While the study found no evidence globally that the risk of having a missed or delayed TB diagnosis in 2020 was different for children and adults (risk ratio [RR], 1.09; 95% confidence interval [CI], 0.41 to 2.91), the elderly and younger adults (RR, 1.40; 95% CI, 0.62 to 3.16), or men and women (RR, 0.59; 95% CI, 0.25 to 1.42), there was some evidence of disparities when broken down by country.

In over half of the countries (57.1%) analyzed, for example, children were at greater risk of a missed or delayed TB diagnosis, while in 70.1% of countries, those aged 65 or older had a greater risk. In 45% of countries, sex was predicted to be an influential factor.

The study authors say the findings could aid efforts to mitigate the effects of the pandemic on TB services.

"Population groups whose access to TB diagnosis was disproportionately affected by the COVID-19 pandemic should be prioritised in catch-up campaigns," study co-author Katherine Horton, PhD, MPH, said in an LHSTM press release.

"For example, in settings where children have missed diagnoses, school-based strategies may be useful, while gender-sensitive strategies should be implemented in settings where one sex has been relatively under-diagnosed."

High-path H5 avian flu strikes more poultry in several countries

News brief

Several countries, including many in Europe, have reported more highly pathogenic H5N1 avian influenza outbreaks in poultry, according to the latest updates from the World Organization for Animal Health (WOAH).

In Europe, Denmark, Moldova, and Germany were among the countries reporting more outbreaks in poultry. Denmark reported that the virus struck a turkey farm housing 33,600 birds in the eastern part of the country neare the Zealand city Slagelse. The event is the country's first involving poultry since February. Moldova's outbreak, its first since September, occurred in a backyard flock of 48 birds in Hirisei in the north central part of the country. Also, Germany reported the virus at a poultry farm in Hessen state in the central part of the country.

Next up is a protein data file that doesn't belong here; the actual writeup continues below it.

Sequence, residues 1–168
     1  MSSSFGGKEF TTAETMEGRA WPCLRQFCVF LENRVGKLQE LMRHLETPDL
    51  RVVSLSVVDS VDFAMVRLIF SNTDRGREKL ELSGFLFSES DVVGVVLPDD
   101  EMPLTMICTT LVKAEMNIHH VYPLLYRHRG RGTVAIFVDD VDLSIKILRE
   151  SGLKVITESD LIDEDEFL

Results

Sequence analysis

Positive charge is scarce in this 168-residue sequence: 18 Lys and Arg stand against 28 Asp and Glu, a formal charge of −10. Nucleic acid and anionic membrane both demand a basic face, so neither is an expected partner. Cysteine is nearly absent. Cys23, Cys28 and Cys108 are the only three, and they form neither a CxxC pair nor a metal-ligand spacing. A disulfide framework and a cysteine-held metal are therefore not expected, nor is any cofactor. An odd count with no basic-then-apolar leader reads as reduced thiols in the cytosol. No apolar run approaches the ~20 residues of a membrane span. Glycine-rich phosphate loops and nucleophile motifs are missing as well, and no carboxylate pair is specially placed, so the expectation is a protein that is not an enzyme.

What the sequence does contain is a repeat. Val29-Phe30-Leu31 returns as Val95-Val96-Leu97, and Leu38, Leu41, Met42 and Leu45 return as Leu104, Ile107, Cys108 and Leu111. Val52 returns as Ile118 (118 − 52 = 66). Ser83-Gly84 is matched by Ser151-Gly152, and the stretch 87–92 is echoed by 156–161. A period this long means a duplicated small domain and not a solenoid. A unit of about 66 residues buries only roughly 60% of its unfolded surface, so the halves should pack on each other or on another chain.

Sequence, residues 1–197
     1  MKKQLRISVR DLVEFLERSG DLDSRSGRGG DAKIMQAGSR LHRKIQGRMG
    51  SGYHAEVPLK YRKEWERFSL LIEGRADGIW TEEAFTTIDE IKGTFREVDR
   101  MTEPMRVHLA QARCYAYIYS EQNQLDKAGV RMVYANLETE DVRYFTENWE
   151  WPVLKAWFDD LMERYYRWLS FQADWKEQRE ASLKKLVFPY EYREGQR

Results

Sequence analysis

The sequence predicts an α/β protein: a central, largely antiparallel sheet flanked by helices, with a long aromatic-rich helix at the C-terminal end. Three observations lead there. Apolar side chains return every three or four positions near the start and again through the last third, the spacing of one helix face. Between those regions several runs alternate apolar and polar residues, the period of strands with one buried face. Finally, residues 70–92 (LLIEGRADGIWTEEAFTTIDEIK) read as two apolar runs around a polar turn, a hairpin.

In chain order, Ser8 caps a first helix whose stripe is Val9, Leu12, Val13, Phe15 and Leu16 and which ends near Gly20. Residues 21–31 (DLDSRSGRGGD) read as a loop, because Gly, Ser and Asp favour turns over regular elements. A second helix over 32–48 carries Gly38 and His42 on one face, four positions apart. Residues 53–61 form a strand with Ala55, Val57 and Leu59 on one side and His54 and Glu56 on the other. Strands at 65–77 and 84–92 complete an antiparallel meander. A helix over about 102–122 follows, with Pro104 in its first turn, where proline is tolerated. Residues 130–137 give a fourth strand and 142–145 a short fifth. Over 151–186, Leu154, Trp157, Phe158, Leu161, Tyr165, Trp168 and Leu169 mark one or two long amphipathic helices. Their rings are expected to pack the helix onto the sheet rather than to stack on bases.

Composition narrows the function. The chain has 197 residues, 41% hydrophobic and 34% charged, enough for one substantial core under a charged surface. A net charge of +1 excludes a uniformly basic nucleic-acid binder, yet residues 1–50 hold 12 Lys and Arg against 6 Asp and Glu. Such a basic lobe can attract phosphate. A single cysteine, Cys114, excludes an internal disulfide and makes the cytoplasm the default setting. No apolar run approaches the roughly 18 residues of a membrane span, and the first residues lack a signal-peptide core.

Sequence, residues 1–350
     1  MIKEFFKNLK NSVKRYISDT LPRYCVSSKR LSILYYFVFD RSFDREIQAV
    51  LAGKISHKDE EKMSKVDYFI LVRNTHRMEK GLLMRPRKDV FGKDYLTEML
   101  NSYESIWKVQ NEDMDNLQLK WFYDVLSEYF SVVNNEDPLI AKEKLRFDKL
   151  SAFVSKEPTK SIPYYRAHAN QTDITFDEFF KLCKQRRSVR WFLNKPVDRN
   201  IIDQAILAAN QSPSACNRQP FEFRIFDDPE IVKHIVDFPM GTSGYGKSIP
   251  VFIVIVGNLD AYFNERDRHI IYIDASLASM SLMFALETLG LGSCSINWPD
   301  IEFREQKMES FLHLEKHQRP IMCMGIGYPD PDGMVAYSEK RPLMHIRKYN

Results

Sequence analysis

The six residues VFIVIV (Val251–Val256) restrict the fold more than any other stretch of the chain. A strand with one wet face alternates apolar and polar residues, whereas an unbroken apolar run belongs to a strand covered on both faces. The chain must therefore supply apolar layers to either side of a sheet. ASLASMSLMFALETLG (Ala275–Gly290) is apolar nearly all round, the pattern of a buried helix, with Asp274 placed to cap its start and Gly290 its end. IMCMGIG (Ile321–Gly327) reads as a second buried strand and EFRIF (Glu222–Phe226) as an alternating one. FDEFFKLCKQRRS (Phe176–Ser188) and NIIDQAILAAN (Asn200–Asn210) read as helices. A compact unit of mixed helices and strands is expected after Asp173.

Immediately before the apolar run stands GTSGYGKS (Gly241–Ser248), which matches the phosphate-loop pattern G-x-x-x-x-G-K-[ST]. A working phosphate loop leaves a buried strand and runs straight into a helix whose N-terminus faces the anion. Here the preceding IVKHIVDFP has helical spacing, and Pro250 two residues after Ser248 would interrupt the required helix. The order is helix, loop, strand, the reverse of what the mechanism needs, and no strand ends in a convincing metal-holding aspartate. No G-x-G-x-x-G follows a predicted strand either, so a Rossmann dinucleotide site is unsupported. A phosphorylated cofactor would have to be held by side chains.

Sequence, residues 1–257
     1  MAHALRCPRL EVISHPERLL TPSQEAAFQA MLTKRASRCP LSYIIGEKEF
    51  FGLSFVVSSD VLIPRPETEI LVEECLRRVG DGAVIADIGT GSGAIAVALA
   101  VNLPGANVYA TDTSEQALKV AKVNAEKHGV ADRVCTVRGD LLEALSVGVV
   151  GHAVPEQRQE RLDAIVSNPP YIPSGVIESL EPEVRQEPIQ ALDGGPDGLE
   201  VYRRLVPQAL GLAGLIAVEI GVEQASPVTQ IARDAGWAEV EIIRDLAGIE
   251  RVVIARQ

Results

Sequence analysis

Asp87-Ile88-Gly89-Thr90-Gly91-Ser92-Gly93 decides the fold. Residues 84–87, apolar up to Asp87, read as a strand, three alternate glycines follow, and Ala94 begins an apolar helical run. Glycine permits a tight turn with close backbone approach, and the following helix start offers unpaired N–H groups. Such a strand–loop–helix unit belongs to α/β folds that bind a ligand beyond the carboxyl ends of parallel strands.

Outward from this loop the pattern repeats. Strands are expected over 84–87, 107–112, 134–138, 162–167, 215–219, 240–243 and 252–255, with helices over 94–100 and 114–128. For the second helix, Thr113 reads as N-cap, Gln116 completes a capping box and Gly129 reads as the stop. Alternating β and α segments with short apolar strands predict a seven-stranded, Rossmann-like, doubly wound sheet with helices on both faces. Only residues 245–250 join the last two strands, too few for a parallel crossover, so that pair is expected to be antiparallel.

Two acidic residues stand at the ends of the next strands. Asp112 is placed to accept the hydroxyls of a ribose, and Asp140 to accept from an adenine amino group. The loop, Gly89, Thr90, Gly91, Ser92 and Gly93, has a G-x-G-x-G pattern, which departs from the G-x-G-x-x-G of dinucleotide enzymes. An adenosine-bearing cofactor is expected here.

Elsewhere, India recently reported two H5N1 outbreaks in backyard ducks at two locations not far from each other in Kerala state in the south, which led to the loss of more than 18,000 birds.

In other high path avian flu developments, South Africa reported a H5N2 outbreak in poultry at a farm in KwaZulu Natal province on its eastern coast.

In US developments, the US Department of Agriculture (USDA) Animal and Plant Health Inspection Service (APHIS) reported more highly pathogenic avian influenza outbreaks in two states. North Dakota reported outbreaks in backyard birds in Mountrail and Ward countries, and Pennsylvania had two more outbreaks at commercial turkey farms in Lehigh County.

Study: COVID-19 rapid home tests not highly sensitive for Omicron

News brief

Dutch researchers reveal that the sensitivities of three commonly used rapid antigen tests, when used in asymptomatic people in the Omicron period, were very low and suggest repeat testing after a negative test. The study is published in Clinical Microbiology and Infection.